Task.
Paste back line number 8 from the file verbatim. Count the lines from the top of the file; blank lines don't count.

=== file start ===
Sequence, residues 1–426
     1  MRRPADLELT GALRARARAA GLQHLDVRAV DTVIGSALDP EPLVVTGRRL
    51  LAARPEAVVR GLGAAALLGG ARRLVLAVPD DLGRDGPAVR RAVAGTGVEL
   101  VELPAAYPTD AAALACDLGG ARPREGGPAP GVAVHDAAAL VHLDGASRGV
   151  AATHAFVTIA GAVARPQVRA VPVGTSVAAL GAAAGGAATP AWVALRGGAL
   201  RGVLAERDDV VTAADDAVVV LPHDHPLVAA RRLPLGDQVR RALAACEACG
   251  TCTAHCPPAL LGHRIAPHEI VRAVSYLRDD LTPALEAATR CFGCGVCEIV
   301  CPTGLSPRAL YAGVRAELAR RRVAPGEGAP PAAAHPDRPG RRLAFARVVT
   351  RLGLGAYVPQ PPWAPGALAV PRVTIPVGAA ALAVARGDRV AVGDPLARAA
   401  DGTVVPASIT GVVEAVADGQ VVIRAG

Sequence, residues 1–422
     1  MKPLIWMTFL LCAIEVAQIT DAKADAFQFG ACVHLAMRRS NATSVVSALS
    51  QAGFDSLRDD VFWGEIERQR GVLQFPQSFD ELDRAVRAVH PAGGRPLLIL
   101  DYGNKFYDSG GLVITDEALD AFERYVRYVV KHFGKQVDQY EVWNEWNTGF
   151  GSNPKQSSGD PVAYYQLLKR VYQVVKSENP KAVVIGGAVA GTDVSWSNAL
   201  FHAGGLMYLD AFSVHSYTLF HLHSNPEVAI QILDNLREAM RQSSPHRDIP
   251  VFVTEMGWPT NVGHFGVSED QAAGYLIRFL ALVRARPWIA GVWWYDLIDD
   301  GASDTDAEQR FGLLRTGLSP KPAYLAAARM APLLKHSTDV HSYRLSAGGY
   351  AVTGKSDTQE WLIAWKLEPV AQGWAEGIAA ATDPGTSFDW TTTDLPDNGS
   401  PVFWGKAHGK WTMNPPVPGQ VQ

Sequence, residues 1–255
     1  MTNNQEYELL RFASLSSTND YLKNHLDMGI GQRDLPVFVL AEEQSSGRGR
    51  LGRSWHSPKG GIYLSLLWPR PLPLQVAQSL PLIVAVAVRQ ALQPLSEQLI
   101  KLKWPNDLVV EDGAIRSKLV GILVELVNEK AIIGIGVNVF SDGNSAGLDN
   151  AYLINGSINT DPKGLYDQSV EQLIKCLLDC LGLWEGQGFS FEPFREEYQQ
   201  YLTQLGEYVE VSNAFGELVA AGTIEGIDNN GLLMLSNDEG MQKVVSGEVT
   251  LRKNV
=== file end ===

   301  CPTGLSPRAL YAGVRAELAR RRVAPGEGAP PAAAHPDRPG RRLAFARVVT